Task force named to lure biodefense lab to Kansas
Gov. Sebelius names the team
Lansing ? Leavenworth Mayor Laura Janas Gasbarre and Charlie Gregor, executive vice president of the Leavenworth-Lansing Area Chamber of Commerce will represent Leavenworth County on a governor’s task force charged with leading the state’s efforts to land the National Bio- and Agro-Defense Facility.
Gov. Kathleen Sebelius on Friday announced her 43 appointments to the panel, which also will include legislative appointments and one official from the Kansas Chamber of Commerce and Industry.
The panel’s co-chairs will be Lt. Gov. Mark Parkinson and Dan Glickman, former U.S. secretary of agriculture. The task force is made up of representatives from industry, academia, public officials, agricultural organizations and economic development groups.
“We already have outstanding assets, ranging from private sector firms like Hill’s and Bayer, to government institutions like the new food security facility at K-State. Kansas has a strong case to make for bringing the planned federal lab to our state,” Sebelius said in a news release issued by her office..
Eighteen sites in 11 states – including a site in Leavenworth County at 155th Street and Coffin Road, immediately west of the U.S. Disciplinary Barracks at Fort Leavenworth, and one at Kansas State University in Manhattan- had made the first cut in the competition to land the facility. It would employ about 250 scientists in a 500,000-square-foot, $451 million facility that includes a Biosafety Level 4 laboratory, the highest level of biosafety.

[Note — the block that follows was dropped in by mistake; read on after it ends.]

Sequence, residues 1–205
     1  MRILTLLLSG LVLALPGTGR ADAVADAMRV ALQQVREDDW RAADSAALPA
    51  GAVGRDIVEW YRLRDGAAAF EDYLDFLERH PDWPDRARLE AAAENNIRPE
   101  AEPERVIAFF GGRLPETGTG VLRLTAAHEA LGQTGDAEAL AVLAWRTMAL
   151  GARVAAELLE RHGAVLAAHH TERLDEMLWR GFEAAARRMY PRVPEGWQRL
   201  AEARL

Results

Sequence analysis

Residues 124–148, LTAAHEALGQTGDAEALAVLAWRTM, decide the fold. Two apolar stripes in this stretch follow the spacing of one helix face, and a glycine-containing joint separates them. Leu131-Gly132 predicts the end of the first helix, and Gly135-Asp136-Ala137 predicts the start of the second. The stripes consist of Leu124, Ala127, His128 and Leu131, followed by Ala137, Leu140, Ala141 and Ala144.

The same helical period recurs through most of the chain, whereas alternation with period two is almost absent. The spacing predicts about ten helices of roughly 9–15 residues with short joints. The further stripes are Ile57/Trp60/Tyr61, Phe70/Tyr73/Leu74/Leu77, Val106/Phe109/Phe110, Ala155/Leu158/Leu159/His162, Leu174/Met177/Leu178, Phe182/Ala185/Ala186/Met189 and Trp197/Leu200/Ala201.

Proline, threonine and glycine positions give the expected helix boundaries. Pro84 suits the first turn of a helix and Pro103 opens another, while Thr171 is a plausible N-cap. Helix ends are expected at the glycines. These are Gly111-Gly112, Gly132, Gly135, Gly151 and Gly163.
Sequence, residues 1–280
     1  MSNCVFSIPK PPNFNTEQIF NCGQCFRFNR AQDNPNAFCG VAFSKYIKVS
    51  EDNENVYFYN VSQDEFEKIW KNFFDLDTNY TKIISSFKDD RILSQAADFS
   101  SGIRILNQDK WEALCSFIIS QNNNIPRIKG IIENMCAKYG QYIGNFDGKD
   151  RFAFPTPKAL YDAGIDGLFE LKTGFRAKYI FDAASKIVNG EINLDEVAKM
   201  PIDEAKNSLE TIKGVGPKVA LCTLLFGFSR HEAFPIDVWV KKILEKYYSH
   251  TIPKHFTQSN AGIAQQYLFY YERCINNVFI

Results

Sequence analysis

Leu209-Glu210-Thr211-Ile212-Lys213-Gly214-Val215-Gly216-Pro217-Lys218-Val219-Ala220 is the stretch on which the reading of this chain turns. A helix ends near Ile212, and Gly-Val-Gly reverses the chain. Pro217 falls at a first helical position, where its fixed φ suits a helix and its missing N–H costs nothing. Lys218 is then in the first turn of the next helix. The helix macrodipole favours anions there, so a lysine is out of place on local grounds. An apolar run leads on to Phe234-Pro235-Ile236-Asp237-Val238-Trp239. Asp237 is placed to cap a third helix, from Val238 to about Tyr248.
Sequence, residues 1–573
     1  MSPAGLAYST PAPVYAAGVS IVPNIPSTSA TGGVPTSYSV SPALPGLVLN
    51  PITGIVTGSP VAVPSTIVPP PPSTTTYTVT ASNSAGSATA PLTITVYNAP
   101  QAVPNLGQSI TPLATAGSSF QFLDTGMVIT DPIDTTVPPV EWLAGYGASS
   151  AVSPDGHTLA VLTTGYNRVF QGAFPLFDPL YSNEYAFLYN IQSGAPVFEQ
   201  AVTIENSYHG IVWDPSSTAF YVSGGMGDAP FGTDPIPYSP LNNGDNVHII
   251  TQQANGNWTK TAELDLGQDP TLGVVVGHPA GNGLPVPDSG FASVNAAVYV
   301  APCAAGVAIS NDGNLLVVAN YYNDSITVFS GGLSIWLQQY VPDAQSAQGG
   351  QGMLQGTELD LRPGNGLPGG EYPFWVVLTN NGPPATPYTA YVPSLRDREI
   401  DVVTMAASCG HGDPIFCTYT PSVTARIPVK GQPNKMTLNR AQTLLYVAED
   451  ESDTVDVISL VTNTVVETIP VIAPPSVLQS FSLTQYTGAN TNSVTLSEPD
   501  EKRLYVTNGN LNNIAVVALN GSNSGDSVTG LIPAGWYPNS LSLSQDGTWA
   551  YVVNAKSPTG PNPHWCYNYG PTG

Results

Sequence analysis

The U.S. Homeland Security, Agriculture and Health and Human Services departments would jointly operate the lab. Its mission would include modernizing the nation’s efforts to combat foreign animal diseases, such as foot-and-mouth disease in cattle, and animal diseases that can infect humans, such as bird flu, anthrax and mad cow disease. The lab also would work to develop drugs, vaccines and other countermeasures against such diseases.
“NBAF would not only bring $450 million and hundreds of jobs into Kansas, it would also be another strong signal that our state is a national and international leader in cutting-edge bioscience research. The public-private partnership we are launching today is a crucial step to winning the facility,” Parkinson said.
“Not only will NBAF be responsible for the creation of hundreds of new construction jobs, as well as hundreds of new high-wage, high-skill research positions, but it will put Kansas at the forefront of bioscience discovery,” said Glickman, who now is president and CEO of the Motion Picture Association of America.
The task force will coordinate community outreach and advocacy and serve as a focal point for public input on their proposals. It also will assist in the preparation of an environmental impact statement on the proposed sites, the Governor’s Office said.